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Patients with Cardiac syndrome X have decreased global myocardial perfusion compared to gender matched controls; insights from CMR coronary sinus flow measurements
© Gyllenhammar et al. 2016
- Published: 27 January 2016
- Myocardial Perfusion
- Cardiovascular Magnetic Resonance
- Late Gadolinium Enhancement
- Myocardial Perfusion Scintigraphy
- Adenosine Stress
To determine if patients with Cardiac syndrome X (CSX) have decreased global myocardial perfusion during adenosine stress as assessed by cardiovascular magnetic resonance (CMR) compared to healthy controls.
Thirteen CSX patients (64 ± 12SD years, 9 females), here defined as a history of chest pain and pathological ECG reaction during stress (> 1 mm ST-depression at stress or after 4 minutes of recovery) but normal myocardial perfusion assessed by myocardial perfusion scintigraphy (SPECT), were included. In addition, 15 positive controls (66 ± 9SD years, 6 females) with stress-induced perfusion defects by SPECT, and 18 healthy controls (44 ± 14SD years 9 females) were also included. All subjects underwent quantitative flow measurement in the coronary sinus by CMR at rest and during adenosine stress. Coronary sinus flow (ml/min) was normalized to LVM enabling quantification of global myocardial perfusion (ml/min/g). All patients underwent first-pass perfusion at rest and during adenosine stress and presence of myocardial fibrosis/infarction was assessed by late gadolinium enhancement (LGE).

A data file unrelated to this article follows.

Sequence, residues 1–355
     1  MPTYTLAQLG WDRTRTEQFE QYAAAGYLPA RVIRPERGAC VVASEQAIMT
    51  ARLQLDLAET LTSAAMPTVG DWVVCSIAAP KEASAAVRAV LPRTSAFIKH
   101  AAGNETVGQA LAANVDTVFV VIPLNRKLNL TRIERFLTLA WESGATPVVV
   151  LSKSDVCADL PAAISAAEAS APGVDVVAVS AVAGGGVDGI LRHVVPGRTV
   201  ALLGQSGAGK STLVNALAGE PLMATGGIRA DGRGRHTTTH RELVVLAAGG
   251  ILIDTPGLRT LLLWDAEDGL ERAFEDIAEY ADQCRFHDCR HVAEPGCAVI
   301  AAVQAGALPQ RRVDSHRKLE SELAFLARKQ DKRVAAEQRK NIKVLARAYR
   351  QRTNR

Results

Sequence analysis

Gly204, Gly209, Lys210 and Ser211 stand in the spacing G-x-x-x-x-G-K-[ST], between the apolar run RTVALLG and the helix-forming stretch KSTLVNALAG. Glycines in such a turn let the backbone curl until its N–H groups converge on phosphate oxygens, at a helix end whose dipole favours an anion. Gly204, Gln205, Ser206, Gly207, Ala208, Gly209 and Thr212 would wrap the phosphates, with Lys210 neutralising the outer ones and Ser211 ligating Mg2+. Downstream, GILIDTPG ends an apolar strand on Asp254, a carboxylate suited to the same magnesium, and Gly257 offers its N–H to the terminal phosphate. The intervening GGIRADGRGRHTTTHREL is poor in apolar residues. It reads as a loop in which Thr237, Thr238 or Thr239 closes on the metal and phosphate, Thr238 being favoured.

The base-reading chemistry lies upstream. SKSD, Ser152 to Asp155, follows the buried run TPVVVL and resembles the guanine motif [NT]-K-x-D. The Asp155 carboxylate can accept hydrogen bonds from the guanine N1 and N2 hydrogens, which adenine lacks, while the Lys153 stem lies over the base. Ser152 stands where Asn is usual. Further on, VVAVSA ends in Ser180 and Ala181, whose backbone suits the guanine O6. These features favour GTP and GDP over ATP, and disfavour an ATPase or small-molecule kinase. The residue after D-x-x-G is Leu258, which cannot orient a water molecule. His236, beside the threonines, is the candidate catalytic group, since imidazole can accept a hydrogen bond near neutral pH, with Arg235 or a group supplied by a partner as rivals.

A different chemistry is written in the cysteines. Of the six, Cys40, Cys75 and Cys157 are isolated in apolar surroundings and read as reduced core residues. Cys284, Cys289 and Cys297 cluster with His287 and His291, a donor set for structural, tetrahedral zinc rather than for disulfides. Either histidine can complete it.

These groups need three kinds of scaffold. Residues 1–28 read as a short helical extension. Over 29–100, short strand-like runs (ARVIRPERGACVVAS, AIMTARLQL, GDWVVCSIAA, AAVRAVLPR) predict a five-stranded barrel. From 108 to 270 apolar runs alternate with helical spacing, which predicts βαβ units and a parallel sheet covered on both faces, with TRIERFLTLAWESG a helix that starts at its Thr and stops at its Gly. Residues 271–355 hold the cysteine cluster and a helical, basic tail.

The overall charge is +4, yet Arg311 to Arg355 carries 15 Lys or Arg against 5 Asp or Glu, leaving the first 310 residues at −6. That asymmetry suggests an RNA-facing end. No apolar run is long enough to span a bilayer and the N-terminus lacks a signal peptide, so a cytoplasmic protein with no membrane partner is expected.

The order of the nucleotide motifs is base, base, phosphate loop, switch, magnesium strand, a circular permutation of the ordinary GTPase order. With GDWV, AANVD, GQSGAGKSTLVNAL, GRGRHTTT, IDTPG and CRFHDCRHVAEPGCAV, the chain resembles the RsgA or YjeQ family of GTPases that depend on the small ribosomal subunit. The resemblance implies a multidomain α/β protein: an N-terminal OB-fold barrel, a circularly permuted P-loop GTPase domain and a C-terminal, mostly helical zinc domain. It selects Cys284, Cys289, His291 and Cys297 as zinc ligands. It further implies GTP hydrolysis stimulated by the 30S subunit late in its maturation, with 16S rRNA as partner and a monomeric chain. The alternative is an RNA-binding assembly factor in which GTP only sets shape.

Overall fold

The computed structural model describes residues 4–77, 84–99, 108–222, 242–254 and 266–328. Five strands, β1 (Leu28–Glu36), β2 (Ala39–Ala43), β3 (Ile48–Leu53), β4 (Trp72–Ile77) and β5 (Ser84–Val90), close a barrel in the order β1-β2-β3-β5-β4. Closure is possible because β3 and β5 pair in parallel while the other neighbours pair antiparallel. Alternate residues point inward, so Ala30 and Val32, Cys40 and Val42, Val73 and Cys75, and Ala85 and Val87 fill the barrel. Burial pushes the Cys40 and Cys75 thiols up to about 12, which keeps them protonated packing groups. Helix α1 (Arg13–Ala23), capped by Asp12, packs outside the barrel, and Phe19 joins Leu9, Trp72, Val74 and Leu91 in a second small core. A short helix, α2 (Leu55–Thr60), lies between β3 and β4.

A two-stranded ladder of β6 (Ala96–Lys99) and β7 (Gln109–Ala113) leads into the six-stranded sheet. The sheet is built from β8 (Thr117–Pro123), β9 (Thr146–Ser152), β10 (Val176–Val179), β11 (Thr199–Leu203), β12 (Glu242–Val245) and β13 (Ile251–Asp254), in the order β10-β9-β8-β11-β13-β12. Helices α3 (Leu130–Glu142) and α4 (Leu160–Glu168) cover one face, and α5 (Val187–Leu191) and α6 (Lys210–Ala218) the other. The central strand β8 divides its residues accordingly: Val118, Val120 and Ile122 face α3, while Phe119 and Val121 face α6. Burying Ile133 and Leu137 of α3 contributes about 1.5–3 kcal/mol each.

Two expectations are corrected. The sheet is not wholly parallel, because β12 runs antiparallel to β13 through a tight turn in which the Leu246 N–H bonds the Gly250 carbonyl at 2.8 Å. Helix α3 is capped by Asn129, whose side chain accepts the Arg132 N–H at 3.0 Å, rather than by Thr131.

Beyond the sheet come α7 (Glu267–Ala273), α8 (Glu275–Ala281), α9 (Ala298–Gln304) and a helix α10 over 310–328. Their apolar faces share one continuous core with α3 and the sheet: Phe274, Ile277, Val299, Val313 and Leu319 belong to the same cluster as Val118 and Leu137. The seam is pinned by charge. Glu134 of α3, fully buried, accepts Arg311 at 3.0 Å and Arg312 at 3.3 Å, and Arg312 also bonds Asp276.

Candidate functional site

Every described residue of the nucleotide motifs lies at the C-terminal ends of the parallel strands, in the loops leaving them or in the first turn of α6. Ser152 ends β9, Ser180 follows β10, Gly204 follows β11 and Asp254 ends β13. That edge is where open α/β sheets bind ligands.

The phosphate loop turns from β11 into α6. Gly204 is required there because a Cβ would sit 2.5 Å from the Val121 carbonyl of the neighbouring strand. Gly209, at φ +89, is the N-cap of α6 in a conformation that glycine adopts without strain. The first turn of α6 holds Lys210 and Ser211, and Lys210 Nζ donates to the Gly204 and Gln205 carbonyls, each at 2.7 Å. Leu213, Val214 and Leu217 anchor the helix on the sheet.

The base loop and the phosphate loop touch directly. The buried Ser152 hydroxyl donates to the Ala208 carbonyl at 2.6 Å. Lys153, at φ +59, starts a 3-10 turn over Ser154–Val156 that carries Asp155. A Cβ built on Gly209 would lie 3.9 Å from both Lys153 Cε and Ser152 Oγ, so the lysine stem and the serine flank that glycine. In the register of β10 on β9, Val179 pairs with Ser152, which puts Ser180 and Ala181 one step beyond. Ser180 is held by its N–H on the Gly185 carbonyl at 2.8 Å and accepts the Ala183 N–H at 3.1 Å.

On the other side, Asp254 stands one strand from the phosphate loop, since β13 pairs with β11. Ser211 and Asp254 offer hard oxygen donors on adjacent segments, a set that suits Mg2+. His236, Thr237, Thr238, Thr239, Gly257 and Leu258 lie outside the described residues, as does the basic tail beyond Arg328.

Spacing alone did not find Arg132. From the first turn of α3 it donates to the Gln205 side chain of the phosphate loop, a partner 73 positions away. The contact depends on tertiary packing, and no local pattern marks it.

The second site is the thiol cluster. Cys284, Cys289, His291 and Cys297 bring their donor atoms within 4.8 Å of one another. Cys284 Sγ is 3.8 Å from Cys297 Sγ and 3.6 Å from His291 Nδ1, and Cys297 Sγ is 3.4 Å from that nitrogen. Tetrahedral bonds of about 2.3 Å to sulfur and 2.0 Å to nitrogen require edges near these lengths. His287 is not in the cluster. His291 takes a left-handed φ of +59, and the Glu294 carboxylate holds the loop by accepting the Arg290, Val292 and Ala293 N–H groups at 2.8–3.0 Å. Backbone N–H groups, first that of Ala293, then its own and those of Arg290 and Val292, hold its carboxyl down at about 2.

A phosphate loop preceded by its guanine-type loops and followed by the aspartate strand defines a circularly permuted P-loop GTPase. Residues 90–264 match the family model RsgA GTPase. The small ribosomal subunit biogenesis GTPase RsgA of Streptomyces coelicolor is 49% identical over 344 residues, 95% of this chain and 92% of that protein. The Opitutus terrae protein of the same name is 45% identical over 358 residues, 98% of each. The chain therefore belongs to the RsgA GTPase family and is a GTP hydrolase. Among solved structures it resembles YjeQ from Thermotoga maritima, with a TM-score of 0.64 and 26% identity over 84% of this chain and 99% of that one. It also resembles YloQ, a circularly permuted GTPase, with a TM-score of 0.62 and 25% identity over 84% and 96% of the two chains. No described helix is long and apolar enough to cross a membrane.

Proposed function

CSX patients showed significantly lower global myocardial perfusion during adenosine stress compared to healthy controls (3.1 ± 0.4 vs. 4.1 ± 0.4 ml/min/g, P = 0.025). There was, however, no significant difference between CSX patients and positive controls (2.5 ± 0.3 ml/min/g, P = 0.13; fig 1). Female controls showed significantly higher global myocardial perfusion compared to male controls (p < 0.001; fig 2). Furthermore, female CSX patients (N=9) showed significantly lower global myocardial perfusion during adenosine stress compared to female controls (3.6 ± 0.4 vs. 5.0 ± 0.3 ml/min/g, P = 0.0014). The same trend was seen for male CSX patients (N=4) compared to male controls, (2.2 ± 0.5 vs. 3.2 ± 0.2 ml/min/g, P = 0.07). No CSX patient showed myocardial fibrosis/infarction on LGE. All patients except one had normal findings on first-pass perfusion, who showed a mild regional subendocardial perfusion deficit in the inferior part of the midventricular septum.
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